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BACKGROUND: Randomised trials show that treatment of obstructive sleep apnoea (OSA) with nasal continuous positive airway pressure (CPAP) greatly improves sleepiness and also lowers diurnal systemic blood pressures (BP). Such patients consume more coffee than controls (presumably to combat their sleepiness) and might reduce their consumption following effective treatment, thus lowering BP by this mechanism rather than via a direct effect of alleviating OSA. METHODS: Plasma caffeine levels before and after treatment with either therapeutic (n=52) or subtherapeutic (control, n=49) CPAP were measured in stored blood samples from a previous randomised controlled trial of CPAP for 4 weeks in patients with OSA. RESULTS: There was a small significant rise in caffeine levels when the two groups were analysed as a whole (p=0.02), but not individually. Despite the fall in sleepiness measured objectively in the therapeutic CPAP group, there was no difference in absolute (or change in) caffeine levels between the two groups (mean (SE) micro mol/l; therapeutic CPAP 9.2 (1.2), 10.2 (1.0), subtherapeutic 6.7 (0.9), 8.6 (0.9) before and after treatment, respectively). CONCLUSION: Reduced coffee consumption is unlikely to be the explanation for the falls in BP following treatment of OSA.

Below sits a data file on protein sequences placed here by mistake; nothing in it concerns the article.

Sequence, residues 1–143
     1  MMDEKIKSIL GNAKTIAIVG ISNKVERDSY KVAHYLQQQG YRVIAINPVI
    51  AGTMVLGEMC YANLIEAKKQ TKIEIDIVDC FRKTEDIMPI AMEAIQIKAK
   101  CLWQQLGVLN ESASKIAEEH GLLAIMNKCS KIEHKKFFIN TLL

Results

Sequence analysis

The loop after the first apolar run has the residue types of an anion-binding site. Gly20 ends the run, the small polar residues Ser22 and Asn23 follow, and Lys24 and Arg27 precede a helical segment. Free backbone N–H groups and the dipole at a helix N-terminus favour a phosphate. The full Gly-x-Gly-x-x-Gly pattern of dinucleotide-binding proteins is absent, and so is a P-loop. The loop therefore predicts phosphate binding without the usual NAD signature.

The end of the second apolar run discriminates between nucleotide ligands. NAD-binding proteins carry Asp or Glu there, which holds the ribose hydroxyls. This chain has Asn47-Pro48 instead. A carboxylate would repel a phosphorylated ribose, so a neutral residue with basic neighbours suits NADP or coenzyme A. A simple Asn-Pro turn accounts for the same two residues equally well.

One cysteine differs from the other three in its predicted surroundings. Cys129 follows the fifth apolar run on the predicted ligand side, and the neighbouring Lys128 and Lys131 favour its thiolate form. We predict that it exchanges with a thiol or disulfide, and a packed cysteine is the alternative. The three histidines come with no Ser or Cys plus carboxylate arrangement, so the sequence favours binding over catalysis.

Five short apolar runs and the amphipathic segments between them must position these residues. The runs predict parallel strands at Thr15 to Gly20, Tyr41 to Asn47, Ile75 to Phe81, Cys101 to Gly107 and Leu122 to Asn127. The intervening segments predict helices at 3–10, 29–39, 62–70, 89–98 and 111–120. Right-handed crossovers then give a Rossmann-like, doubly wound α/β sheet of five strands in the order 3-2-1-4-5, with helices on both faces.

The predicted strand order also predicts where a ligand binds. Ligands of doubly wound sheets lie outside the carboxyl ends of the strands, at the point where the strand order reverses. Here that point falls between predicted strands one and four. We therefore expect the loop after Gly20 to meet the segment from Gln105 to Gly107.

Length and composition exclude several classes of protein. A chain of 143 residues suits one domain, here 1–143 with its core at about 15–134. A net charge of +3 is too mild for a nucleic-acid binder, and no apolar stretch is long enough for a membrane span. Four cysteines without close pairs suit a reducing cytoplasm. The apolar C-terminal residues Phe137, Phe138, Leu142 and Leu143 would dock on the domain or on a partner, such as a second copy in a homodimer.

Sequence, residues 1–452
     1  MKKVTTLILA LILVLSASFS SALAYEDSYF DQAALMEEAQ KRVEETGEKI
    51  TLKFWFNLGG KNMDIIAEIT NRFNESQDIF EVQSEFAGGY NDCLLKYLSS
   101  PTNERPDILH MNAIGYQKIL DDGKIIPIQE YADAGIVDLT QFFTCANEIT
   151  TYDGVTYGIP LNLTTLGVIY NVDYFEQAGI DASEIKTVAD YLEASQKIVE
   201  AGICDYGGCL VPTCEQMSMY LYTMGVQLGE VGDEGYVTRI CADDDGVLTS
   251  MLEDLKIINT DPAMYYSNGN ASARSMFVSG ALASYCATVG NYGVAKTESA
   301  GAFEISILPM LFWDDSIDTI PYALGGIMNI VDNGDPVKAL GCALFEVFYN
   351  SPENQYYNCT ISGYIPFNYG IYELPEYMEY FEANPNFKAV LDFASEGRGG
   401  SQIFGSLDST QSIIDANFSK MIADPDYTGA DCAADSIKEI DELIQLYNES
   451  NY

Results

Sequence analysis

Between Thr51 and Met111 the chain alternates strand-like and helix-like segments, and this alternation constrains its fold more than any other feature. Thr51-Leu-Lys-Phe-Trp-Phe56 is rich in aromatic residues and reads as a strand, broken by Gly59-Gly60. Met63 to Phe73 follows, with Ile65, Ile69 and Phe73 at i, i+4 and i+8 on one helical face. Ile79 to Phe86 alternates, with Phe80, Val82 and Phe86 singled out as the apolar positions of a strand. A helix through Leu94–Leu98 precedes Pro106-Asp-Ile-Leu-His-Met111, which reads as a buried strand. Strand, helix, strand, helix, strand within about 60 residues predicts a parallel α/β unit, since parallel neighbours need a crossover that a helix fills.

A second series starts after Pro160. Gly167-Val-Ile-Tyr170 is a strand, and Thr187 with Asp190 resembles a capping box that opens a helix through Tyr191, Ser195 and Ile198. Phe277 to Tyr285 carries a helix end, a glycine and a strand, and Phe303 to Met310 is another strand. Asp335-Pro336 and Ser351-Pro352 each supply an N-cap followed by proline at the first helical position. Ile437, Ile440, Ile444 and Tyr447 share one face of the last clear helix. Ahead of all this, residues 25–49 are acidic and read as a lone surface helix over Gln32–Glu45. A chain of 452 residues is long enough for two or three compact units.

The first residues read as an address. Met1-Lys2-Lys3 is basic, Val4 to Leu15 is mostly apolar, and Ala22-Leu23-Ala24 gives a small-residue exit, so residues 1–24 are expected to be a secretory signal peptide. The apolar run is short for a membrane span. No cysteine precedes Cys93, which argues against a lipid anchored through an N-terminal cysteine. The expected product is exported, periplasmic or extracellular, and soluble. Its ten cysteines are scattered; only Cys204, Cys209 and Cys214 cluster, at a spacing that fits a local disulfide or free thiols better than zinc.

Journal article



Publication Date





801 - 802


Blood Pressure, Caffeine, Central Nervous System Stimulants, Humans, Positive-Pressure Respiration, Sleep Apnea, Obstructive